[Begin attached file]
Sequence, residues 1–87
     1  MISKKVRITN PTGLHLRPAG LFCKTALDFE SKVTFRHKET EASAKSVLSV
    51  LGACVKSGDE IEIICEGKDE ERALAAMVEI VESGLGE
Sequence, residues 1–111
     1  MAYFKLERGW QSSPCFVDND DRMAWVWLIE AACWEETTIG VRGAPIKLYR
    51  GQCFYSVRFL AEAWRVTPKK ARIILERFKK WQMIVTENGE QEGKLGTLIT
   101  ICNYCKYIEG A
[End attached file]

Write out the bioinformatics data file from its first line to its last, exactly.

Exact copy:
Sequence, residues 1–87
     1  MISKKVRITN PTGLHLRPAG LFCKTALDFE SKVTFRHKET EASAKSVLSV
    51  LGACVKSGDE IEIICEGKDE ERALAAMVEI VESGLGE
Sequence, residues 1–111
     1  MAYFKLERGW QSSPCFVDND DRMAWVWLIE AACWEETTIG VRGAPIKLYR
    51  GQCFYSVRFL AEAWRVTPKK ARIILERFKK WQMIVTENGE QEGKLGTLIT
   101  ICNYCKYIEG A